Architecture originated as the organization of material objects to achieve some function useful to humans such as habitation. The term has come to describe the organization of any set of elements. In this essay we will consider the conceptual architecture of mind, language, culture and symbolic thought. In order to do this we will review the extended mind approach that models the origin of language [1-3].

We believe that human thinking can be divided into percept-based thought, which takes place in the brain and concept-based thought, which takes place in the mind. We are clearly making a distinction between the brain and the mind. We claim that the brains of our hominid ancestors from which we evolved were purely percept processors and that the human mind only emerged with language, which made conceptual thought possible. Furthermore we will claim that our first words were our first concepts. The relationship of the brain and the mind is complicated but as we will attempt to show the mind emerged from the brain as a bifurcation simultaneously with the emergence of language. The focus of this article will be on the conceptual architecture of the mind. We will leave to others in this volume a description of the architecture of the brain vis-à-vis language where no doubt they will discuss the bicamerality of the brain whereby the language facility of human brain is located for the most part in the left hemisphere and contains certain structures such as Broca’s area that are essential for speech.

Our focus in this article will be on the conceptual architecture of the mind. One of the hypotheses that we will support with our argumentation is that the brain and the mind are not identical. We will argue that the human mind emerged from the brain as a bifurcation with the simultaneous emergence of language or speech and that the mind = brain + language. In order to develop our model for the conceptual architecture of the mind we will need to develop a theory for the origin of language, which we will discover was motivated by the need for conceptualization to deal with the complexity of hominid life. As our first hominid ancestors learned to make tools and control fire there arose the need for planning which requires to deal with and think about situations that are remote in both the space and time dimension and hence not immediately susceptible to perception. There arose a need for conceptualization and for the ability to think of things abstractly and symbolically. It is our claim that language was the medium by which humans were able to conceptualize, to think abstractly and symbolically and to plan. It is no coincidence that man is the only animal capable of a generative symbolic language, the only animal with a symbolic culture, and the only animal capable of planning.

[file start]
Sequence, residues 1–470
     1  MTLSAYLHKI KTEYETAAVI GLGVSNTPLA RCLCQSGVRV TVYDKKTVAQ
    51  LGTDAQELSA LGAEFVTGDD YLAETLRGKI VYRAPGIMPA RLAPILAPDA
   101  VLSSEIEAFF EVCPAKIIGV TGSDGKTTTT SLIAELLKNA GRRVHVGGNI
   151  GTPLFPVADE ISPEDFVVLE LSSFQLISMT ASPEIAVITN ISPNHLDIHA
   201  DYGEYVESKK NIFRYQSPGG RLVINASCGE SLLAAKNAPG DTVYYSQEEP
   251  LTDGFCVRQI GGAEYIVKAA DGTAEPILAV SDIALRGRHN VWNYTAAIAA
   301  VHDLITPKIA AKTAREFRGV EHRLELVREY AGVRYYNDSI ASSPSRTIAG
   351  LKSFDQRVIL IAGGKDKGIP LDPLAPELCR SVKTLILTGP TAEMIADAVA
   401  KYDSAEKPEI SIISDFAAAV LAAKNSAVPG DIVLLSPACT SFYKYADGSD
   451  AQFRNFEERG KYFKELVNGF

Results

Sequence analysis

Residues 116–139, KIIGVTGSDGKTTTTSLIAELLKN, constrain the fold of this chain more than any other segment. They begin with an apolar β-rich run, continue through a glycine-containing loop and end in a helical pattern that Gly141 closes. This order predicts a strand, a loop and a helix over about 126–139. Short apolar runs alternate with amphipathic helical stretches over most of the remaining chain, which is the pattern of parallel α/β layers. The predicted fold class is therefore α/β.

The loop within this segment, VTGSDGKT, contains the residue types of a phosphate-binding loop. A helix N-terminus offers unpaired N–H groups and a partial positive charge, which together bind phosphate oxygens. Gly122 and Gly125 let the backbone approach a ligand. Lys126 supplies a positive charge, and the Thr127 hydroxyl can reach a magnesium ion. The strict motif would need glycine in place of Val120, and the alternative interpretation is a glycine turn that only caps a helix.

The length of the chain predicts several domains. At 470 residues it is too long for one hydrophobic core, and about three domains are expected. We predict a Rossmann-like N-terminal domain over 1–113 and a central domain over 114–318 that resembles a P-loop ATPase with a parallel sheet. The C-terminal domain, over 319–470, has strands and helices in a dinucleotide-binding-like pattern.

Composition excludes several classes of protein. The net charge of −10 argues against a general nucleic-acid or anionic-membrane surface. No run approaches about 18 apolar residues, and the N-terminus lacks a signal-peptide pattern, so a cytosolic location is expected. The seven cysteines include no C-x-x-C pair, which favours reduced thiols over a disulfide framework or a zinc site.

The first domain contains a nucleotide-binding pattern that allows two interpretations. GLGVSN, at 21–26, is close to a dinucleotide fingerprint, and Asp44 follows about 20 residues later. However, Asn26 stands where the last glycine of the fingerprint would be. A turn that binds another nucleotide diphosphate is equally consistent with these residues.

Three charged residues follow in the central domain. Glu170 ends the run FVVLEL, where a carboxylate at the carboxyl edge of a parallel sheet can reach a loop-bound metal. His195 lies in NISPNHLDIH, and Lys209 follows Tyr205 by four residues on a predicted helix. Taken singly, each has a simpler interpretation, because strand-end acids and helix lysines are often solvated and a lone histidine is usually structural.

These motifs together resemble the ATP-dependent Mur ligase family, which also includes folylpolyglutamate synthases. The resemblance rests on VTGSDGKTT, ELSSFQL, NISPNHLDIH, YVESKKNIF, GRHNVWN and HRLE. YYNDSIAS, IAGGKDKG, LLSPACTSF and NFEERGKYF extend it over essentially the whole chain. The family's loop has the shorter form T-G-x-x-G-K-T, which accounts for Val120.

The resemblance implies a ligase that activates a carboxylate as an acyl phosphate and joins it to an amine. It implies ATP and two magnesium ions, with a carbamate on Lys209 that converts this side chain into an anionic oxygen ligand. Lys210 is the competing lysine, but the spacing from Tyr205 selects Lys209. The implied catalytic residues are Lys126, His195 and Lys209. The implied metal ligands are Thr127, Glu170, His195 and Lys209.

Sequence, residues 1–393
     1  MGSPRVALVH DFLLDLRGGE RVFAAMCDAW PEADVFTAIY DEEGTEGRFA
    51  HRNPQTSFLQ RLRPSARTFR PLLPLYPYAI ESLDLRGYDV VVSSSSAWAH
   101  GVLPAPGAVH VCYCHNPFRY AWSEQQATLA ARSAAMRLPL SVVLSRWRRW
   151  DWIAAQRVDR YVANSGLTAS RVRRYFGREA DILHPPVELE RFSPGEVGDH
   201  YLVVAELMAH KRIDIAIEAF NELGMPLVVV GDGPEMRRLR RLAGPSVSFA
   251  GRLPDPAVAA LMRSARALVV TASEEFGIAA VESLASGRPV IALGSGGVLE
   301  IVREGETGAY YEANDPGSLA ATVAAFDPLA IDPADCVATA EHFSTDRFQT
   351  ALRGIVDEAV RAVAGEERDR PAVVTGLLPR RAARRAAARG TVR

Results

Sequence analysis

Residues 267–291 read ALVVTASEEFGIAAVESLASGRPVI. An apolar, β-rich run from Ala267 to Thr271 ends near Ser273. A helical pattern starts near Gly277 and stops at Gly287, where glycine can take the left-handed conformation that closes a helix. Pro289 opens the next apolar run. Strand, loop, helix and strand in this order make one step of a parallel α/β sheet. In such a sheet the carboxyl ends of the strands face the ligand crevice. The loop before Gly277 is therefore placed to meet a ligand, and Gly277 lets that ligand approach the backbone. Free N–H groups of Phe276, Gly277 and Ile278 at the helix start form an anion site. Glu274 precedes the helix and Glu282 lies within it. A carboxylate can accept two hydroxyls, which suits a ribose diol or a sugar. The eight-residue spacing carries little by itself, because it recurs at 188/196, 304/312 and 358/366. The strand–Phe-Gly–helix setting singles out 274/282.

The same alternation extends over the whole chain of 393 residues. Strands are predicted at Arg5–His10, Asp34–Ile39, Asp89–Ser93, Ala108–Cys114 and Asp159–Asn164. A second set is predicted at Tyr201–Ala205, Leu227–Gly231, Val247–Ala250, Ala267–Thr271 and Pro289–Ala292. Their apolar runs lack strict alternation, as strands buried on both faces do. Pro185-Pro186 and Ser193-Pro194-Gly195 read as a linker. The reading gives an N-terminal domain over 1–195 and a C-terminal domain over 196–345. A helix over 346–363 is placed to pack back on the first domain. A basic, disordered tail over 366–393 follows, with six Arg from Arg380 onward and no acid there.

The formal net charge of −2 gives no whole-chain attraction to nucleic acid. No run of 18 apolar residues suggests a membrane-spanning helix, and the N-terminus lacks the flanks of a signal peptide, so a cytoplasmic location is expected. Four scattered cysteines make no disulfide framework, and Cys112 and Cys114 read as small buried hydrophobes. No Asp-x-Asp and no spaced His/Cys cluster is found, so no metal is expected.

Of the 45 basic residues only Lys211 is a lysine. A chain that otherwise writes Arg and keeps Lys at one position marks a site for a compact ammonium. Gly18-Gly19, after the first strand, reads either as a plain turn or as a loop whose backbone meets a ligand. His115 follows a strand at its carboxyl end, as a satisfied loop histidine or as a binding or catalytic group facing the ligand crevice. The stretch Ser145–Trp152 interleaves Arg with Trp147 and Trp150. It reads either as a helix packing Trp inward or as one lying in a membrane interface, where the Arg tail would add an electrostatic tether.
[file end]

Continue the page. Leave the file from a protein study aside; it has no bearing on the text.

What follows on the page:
Building on this approach we will argue that before language the brain operated purely as a percept processor and that with language the brain bifurcated into the human mind capable of conceptualization. The hypothesis that before language hominid thought patterns were purely perceptual has also been developed by Merlin Donald (ref [4], p. 226) who makes a similar assumption about the perceptual basis of mimetic culture, the culture of hominids that existed just before the emergence of verbal language. “The principle of similarity that links mimetic actions and their referents is perceptual, and the basic communicative device is best described as implementable action metaphor (ref. [5], p. 61).”